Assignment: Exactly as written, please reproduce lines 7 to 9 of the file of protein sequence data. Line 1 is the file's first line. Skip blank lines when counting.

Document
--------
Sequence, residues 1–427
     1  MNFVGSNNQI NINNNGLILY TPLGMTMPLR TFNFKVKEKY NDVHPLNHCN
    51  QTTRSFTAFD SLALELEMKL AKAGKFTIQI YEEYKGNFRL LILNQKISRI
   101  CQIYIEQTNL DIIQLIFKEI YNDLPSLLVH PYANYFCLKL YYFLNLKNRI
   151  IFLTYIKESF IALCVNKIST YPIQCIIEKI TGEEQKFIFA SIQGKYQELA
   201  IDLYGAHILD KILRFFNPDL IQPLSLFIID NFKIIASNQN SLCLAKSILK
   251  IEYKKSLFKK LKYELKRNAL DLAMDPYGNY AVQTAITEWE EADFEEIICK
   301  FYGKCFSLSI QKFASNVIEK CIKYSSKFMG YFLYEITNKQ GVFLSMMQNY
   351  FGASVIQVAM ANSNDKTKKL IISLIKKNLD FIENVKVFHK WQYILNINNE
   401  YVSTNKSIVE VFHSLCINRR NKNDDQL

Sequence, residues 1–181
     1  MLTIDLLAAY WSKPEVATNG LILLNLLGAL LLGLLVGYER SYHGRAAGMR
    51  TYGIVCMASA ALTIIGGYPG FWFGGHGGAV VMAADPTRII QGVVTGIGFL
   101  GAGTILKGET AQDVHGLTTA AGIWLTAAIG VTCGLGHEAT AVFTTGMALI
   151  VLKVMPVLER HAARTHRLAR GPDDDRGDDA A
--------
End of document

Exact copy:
   251  IEYKKSLFKK LKYELKRNAL DLAMDPYGNY AVQTAITEWE EADFEEIICK
   301  FYGKCFSLSI QKFASNVIEK CIKYSSKFMG YFLYEITNKQ GVFLSMMQNY
   351  FGASVIQVAM ANSNDKTKKL IISLIKKNLD FIENVKVFHK WQYILNINNE